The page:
Tallahassee Business Podcast from the Tallahassee Chamber presented by 223 Agency: Jay Smith, a respected leader in Tallahassee and vice president of Ajax Building Company, recently took on a new title as chair of the Chamber Board of Directors. Smith and Sue Dick discuss what the community can expect to see from the Chamber in 2021, including the Chamber’s recently refreshed strategic priorities: Talent, Workforce & Education; Economic Competitiveness & Business Climate; and Community & Prosperity.
The New Abnormal from host Rick Wilson and Molly Jong-Fast: It is said that before Barack Obama’s inauguration in 2009, a group of Republicans got together and vowed to oppose everything that he would do, or rather, try to do. Did the Trump loyalists on the hill and Mitch McConnell’s Republicans huddle together last night and make a similar vow, this time for President-elect Biden? It’s a possibility, says Michael Tomasky, a special guest on a members-only episode, which happened LIVE on Zoom.
The Yard Sign with host Jonathan Torres: Chris Chambers, Anibal Cabrera and Torres talk MLK Day, impeachment 2.0, Big Tech censorship and the Biden administration.
— WEEKEND TV —
Facing South Florida with Jim DeFede on CBS 4 in Miami: The Sunday show provides viewers with an in-depth look at politics in South Florida, along with other issues affecting the region.
Florida This Week on Tampa Bay’s WEDU: Moderator Rob Lorei hosts a roundtable featuring former Florida CFO Alex Sink, The Lincoln Project co-founder Rick Wilson and attorney C.J. Czaia.
In Focus with Allison Walker-Torres on Bay News 9: A discussion with newly elected state Senate Republicans about their agendas as they prepare for the first Legislative Session. Joining Walker-Torres are Sens. Danny Burgess and Jim Boyd.
Political Connections Bay News 9 in Tampa/St. Pete: A recap of Biden’s Inauguration and his administration’s first days in office.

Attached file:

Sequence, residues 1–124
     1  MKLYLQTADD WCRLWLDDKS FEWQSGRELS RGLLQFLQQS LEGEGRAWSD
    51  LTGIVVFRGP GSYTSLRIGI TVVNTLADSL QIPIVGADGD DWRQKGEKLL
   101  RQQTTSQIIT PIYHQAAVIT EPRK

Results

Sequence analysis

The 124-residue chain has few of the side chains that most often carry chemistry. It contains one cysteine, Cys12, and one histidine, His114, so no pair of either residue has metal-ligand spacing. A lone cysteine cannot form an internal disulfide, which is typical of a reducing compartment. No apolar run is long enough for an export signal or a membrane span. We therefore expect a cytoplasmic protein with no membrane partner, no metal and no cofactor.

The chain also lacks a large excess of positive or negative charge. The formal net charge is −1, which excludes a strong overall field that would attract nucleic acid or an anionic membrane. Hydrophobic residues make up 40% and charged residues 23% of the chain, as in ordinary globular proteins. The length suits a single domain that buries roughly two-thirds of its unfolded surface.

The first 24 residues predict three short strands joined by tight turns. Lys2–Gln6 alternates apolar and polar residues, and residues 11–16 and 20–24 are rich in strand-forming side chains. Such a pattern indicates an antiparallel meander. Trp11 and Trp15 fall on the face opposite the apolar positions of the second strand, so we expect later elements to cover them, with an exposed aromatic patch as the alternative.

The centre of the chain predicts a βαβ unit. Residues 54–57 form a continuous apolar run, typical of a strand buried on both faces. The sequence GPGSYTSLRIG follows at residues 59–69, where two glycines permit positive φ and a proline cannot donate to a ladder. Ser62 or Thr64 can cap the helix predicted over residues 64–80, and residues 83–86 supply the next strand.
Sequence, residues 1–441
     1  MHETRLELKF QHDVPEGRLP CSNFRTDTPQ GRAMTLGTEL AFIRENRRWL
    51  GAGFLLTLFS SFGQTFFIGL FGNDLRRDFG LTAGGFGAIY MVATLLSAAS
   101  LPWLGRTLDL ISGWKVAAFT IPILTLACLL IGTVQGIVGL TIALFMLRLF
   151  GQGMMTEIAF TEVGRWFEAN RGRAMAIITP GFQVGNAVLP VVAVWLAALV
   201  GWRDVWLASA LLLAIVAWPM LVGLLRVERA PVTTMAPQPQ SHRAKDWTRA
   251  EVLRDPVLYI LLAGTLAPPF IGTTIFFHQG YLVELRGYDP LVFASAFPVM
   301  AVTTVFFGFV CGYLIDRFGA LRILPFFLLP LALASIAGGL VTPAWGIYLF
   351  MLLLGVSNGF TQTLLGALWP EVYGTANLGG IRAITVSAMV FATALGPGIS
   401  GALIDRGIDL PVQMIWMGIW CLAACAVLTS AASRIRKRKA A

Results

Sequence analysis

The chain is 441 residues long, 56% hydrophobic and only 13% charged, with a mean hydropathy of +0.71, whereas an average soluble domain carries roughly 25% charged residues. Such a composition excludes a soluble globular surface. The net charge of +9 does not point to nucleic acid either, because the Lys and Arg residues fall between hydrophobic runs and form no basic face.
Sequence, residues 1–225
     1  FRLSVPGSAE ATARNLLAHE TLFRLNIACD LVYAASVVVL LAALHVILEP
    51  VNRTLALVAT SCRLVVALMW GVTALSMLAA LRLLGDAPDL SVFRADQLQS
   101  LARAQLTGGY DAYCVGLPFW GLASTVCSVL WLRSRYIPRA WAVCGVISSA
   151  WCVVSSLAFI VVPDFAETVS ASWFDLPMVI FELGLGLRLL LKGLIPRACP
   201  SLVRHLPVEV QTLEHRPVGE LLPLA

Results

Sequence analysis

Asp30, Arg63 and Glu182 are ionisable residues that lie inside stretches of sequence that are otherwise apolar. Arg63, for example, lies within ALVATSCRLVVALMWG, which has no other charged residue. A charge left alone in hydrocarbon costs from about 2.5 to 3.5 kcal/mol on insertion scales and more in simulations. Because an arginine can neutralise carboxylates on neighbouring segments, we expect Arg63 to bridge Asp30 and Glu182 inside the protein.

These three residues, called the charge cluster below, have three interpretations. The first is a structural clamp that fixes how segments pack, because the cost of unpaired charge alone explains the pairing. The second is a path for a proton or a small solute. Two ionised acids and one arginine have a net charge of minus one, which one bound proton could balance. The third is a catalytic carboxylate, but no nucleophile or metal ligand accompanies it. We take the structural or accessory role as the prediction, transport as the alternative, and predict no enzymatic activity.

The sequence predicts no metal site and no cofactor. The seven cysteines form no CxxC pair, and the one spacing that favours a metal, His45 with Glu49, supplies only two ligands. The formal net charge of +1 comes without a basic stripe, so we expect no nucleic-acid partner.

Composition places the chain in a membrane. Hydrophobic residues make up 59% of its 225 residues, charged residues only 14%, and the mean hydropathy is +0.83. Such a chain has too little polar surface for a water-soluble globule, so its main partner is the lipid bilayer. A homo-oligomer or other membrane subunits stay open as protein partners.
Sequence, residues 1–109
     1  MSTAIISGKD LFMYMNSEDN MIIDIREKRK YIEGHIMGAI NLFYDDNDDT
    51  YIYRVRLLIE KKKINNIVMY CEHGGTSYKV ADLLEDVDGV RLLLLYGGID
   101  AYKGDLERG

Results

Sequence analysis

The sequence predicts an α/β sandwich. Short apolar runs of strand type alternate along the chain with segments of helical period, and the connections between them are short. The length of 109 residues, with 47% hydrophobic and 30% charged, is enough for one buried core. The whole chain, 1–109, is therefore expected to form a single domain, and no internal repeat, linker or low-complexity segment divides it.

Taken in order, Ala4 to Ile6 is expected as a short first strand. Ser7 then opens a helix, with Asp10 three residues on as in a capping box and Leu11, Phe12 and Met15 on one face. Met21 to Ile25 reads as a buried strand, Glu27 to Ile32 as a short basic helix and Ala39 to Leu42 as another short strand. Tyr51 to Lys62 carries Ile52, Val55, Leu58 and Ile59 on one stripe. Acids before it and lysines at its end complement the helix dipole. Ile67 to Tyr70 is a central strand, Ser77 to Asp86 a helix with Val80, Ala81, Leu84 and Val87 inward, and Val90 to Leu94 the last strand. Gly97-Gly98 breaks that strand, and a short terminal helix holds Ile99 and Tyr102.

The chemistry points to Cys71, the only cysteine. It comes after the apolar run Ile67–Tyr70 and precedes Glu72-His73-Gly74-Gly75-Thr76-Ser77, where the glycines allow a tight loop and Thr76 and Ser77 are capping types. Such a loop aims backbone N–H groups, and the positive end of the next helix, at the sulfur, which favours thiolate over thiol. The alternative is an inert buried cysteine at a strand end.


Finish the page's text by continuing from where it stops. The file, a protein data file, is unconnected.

Political Connections on CF 13 in Orlando: U.S. Rep. Val Demings will discuss the historic 59th Presidential Inauguration, the new dynamics in Washington D.C., and her agenda for 2021.
The Usual Suspects on WCTV-Tallahassee/Thomasville (CBS) and WJHG-Panama City (NBC): Host Gary Yordon talks with Larry Keefe, U.S. Attorney for the Northern District of Florida.
This Week in Jacksonville with Kent Justice on Channel 4 WJXT: Jacksonville City Council member Brenda Priestly Jackson.
— ALOE —
“Disney: Hall of Presidents closed for refurbishment; Biden figure to be added” via DeWayne Bevill of The Orlando Sentinel — The Hall of Presidents “is currently closed for refurbishment” at Magic Kingdom theme park, according to Walt Disney World’s official website. The closure coincides with Inauguration Day for Biden and the last day of the presidency for Trump. It’s the first movement Disney has shown on the attraction during the transition. As of Tuesday, the site continued to list operating hours for the Hall of Presidents through mid-March. Typically, the Liberty Square attraction is taken down to incorporate an animatronic figure of the new President. In January 2017, the hall was closed to add Trump.
“Disney: ‘Festival of the Lion King’ set to return to Animal Kingdom” via DeWayne Bevil and Gabrielle Russon of The Orlando Sentinel — “Festival of the Lion King” is returning to Disney’s Animal Kingdom theme park. According to a post on the official Disney Parks Blog, the production’s comeback is “expected this summer” at the park’s Harambe Theatre. The show, featuring singers, dancers, acrobats, stilt walkers, animated floats, colorful costumes, characters and music from “The Lion King” film, has not been produced since the resort went into coronavirus lockdown in mid-March. When the parks reopened in mid-July, the show did not return. It will be a modified production, Disney says, to reflect the health and safety needs associated with the pandemic.
— HAPPY BIRTHDAY —
Best wishes to former Senate President Don Gaetz, Greg Black of Waypoint Strategies, Tim Center, former House candidate Julie Jenkins, Georgia McKeown, and Dr. Jeff Sharkey of Capitol Alliance Group.
It’s not their birthday, but happy 32nd anniversary to Debbie and Michael Millner.
Sunburn is authored and assembled by Peter Schorsch, Phil Ammann, A.G. Gancarski, Renzo Downey and Drew Wilson.